India, Japan to study high-speed rail feasibility

Written by Rajat Arora | New Delhi | Updated: Jun 27 2013, 05:54am hrs
India has finally started work towards realising its ambition of having a high-speed rail network. The railways is working out the modalities of a joint feasibility study of the new rail system on the 534-km Mumbai-Ahmadabad corridor to be undertaken with Japan.

The agreement on the feasibility study, to be conducted with the Japanese Railways Group, will be ready within a month, and the study will commence after that. Details of the project would be worked out thereafter, before work on the ground begins.

We are working out the modalities of the study with Japan that will go into the cost estimates of the project along with the financing pattern.

The study will be partly financed by Japan and the ratio is being worked out. In a months time well work out the modalities

after which well go ahead with the study, a Railway Board official told FE.

During his recent visit to Japan, Prime Minister Manmohan Singh agreed to a joint feasibility study with Japanese experts for constructing the high-speed corridor between Mumbai and Ahmadabad.

The feasibility study includes defining high speed for India (which could be 300-350 km per hour), the fares and the finance practices, including public-private partnerships.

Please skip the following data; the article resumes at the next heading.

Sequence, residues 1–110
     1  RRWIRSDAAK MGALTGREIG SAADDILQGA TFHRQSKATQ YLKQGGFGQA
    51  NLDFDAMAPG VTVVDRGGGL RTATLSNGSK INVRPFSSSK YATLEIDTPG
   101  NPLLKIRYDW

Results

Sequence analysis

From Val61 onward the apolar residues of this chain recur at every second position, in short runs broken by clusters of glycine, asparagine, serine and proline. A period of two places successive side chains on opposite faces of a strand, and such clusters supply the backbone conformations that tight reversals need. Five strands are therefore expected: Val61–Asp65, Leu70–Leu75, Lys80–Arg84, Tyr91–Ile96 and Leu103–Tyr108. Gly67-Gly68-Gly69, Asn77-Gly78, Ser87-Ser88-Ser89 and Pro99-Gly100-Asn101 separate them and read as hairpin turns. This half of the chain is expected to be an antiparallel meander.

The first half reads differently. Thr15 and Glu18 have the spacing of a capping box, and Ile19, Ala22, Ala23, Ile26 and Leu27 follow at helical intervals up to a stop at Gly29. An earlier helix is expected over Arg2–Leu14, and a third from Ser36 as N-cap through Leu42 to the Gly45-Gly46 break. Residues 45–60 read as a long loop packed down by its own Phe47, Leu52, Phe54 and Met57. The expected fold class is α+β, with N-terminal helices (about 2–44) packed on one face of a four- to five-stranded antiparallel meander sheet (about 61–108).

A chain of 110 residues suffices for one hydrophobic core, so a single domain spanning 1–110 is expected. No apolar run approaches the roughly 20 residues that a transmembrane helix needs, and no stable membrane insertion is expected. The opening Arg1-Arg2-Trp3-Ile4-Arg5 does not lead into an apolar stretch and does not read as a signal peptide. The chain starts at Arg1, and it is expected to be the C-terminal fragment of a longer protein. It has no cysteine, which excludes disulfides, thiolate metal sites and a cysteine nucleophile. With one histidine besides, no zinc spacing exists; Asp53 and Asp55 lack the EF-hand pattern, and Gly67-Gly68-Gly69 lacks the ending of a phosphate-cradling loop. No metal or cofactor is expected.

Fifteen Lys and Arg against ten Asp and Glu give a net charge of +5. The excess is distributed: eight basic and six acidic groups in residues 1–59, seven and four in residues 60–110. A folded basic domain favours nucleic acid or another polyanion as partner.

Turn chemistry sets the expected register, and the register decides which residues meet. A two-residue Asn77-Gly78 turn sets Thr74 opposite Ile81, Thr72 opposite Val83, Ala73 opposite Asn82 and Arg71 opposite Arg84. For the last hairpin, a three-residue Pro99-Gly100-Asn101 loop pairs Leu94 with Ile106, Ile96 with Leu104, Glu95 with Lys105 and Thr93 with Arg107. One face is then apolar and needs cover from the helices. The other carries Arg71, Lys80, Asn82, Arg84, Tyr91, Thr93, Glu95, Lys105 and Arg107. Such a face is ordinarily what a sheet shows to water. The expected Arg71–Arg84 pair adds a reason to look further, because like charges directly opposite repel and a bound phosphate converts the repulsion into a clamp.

Japan is keen on investing in high-speed railway corridors in India. During Singhs May visit, Tokyo had strongly pitched for exporting its Shinkansen system (high-speed Bullet Train railway technology) to New Delhi.

The Japanese government is also ready to offer a sweetener to India, as Tokyo fights off competition from nations such as France and its TGV high-speed rail network, the railway board official added.

Japan has already submitted its final report of the feasibility study on upgrading the speed of the existing Mumbai-Ahmadabad route to 160-200 km per hour and further consultations on the report between the two countries are on.

Japan is also investing in other mega-infrastructure projects in India such as the 1,500-km western part of the dedicated freight corridors.

A high-speed rail network between Mumbai and Ahmadabad is expected to cost around R65,000 crore and India has shortlisted five more corridors connecting major cities. The Mumbai-Ahmadabad corridor is being undertaken as a pilot project.

Frances state-owned railway company SNCF has also undertaken a feasibility study for the same corridor and the French government is financing the study with a grant of 600,000 euros. That study is expected to be complete by the end of this year. China has also evinced interest in investing in high-speed train corridors in India, the official said.